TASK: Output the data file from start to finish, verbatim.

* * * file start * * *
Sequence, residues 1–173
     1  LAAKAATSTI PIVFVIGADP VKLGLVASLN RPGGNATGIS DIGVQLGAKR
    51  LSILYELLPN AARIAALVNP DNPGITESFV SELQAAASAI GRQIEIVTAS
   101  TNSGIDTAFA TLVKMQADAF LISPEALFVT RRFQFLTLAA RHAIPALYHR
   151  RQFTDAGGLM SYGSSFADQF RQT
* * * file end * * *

Sequence, residues 1–173
     1  LAAKAATSTI PIVFVIGADP VKLGLVASLN RPGGNATGIS DIGVQLGAKR
    51  LSILYELLPN AARIAALVNP DNPGITESFV SELQAAASAI GRQIEIVTAS
   101  TNSGIDTAFA TLVKMQADAF LISPEALFVT RRFQFLTLAA RHAIPALYHR
   151  RQFTDAGGLM SYGSSFADQF RQT